Thursday, 2 February 2012

Welfare Reform

This week the government’s welfare reform proposals came back to the House of Commons after a bumpy debate in the House of Lords. I think that dealing with the problem of welfare dependency is one of the most important priorities for the government because it’s one of the ways that you improve the life chances of the next generation. The evidence is clear that having a working role model in the family is one of the key determinants of a child’s life chances.

It is why I simply cannot understand why certain members of the House of Lords have objected to the idea of capping benefits at the average amount of money earned by working families. The proposal is to cap the total benefits that any one household can earn at £26,000 per year. That is still a lot of money, amounting £500 a week. It would be the equivalent income after tax of someone in a job being paid a salary of £35,000 per year. What sort of message does it send to people working hard to support their family, sometimes on the minimum wage, that there are other families who don’t work at all but who are taking home more money and living in a home that many working people could not afford? It may be controversial, but we need to start taking concrete steps to get the right incentives in the welfare system.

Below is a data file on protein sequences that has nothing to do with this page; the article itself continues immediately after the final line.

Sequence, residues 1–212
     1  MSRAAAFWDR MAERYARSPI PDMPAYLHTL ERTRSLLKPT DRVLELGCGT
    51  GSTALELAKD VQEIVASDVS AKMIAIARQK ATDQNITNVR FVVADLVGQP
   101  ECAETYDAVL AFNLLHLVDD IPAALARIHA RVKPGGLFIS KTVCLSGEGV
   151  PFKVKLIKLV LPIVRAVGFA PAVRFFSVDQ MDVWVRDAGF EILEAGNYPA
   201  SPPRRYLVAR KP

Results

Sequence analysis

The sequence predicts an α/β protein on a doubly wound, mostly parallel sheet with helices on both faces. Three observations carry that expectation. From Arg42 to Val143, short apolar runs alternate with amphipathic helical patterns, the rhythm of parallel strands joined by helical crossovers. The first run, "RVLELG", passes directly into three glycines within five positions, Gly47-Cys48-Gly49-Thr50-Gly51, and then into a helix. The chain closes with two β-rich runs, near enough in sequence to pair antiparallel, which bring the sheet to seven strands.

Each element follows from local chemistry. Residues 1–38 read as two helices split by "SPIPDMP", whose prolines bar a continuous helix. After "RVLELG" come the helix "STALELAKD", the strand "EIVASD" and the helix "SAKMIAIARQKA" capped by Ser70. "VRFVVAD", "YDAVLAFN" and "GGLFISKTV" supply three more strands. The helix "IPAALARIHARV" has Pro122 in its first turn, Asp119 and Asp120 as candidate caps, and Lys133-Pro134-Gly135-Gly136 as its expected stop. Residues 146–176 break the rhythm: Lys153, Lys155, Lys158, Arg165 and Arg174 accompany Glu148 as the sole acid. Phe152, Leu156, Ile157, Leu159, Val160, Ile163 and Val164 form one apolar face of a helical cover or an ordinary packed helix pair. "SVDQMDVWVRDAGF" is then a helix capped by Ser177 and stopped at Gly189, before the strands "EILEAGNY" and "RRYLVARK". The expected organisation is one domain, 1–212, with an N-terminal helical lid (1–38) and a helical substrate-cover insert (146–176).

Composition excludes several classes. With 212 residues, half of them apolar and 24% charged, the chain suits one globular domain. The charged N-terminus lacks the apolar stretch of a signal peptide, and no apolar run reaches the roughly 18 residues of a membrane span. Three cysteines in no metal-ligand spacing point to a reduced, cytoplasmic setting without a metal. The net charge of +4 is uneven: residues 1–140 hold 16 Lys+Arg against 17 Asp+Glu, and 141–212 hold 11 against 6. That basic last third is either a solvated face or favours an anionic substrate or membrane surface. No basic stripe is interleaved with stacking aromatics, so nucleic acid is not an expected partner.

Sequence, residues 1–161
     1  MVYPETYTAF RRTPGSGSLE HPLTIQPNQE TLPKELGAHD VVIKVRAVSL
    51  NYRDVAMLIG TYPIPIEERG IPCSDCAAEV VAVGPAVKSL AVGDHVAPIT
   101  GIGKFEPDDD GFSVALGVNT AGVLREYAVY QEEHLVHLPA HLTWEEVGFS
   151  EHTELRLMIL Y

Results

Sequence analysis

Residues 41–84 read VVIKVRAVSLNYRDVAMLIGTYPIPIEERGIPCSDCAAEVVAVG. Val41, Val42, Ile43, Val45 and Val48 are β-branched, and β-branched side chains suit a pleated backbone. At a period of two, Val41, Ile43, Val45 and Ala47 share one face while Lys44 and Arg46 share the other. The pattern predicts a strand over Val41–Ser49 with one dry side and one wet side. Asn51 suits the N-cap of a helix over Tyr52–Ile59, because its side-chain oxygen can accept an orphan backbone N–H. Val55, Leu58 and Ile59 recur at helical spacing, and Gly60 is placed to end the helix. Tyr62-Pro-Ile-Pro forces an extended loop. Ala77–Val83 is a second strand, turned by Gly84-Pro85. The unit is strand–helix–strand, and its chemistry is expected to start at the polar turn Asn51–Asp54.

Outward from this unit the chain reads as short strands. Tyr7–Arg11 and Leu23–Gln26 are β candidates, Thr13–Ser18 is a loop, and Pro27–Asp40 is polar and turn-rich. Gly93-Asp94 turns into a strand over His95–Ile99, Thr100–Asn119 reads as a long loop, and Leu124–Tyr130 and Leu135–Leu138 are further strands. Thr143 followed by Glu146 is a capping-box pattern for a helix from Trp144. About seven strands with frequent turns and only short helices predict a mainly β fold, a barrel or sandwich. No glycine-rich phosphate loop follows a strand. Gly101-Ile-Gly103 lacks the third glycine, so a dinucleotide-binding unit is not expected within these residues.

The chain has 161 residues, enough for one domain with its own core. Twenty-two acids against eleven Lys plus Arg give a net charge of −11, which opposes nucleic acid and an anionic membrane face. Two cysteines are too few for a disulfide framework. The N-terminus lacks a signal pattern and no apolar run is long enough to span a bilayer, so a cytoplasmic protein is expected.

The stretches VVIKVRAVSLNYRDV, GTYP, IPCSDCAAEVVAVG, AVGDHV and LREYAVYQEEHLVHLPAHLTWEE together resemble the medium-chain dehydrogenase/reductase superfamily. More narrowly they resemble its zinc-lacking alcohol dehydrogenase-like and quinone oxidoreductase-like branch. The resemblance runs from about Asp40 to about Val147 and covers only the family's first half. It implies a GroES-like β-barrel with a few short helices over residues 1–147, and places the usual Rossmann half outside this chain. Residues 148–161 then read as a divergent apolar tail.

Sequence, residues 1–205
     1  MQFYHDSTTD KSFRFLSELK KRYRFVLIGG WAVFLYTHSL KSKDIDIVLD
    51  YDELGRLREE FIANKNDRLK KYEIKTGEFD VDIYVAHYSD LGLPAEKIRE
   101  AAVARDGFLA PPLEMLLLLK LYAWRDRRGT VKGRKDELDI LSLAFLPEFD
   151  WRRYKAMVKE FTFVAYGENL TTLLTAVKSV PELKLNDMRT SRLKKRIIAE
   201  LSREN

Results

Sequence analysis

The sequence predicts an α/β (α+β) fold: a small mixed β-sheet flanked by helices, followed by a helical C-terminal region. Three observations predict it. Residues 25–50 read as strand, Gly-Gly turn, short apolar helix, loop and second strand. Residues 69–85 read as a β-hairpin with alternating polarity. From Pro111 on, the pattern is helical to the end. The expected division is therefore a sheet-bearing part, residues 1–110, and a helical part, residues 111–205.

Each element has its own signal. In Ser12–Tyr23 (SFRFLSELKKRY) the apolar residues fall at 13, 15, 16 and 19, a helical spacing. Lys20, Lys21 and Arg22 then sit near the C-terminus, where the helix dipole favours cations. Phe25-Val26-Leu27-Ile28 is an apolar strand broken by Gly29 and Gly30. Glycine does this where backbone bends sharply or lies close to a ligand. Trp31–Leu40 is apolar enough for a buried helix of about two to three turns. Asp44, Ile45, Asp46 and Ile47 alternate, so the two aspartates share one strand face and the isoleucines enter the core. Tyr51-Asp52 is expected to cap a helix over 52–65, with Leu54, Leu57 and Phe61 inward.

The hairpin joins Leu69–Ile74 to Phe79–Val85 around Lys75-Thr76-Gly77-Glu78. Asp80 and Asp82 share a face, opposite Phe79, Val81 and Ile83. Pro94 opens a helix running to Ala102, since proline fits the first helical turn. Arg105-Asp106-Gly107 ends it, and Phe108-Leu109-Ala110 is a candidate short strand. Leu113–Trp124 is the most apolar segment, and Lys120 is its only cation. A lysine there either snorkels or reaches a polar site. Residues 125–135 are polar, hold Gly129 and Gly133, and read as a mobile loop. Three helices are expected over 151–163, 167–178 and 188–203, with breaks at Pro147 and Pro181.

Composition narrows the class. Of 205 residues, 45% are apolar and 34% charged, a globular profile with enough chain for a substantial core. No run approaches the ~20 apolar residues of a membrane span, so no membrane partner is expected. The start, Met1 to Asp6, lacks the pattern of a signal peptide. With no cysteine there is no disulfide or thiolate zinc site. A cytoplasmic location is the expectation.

Another dispiriting problem I sometimes come across is where people tell me that they can only work, say, 16 hours a week because, if they do more than that they lose their various benefits and tax credits and end up worse off. It is not their fault, but something is wrong with the system. We need to make work pay. The government is planning to radically simplify our benefits system, merging many different types of benefit into one single Universal Credit where the support paid is tapered so that it will always pay to take a job, work longer hours and take a full time rather than part time job.

There are also moves to reform Housing Benefit which has been spiralling up in cost in recent years and in many instances has actually driven up rent levels in the private market making it even harder for people working to afford their own home. The reform aims to reduce rents at the lower end of the market by allowing councils to pay Housing Benefit directly to private landlords if those landlords agree to cut their rents. That means the landlords are given some security in return for accepting less money.

It is not easy delivering welfare reform against a backdrop of a difficult job market but it is important that we make a start, and alongside benefit changes give people the right support to get a job.

George Eustice can be contacted at or 1 Trevenson Street, Camborne, Cornwall TR14 8JD or by telephone on 020 72197032.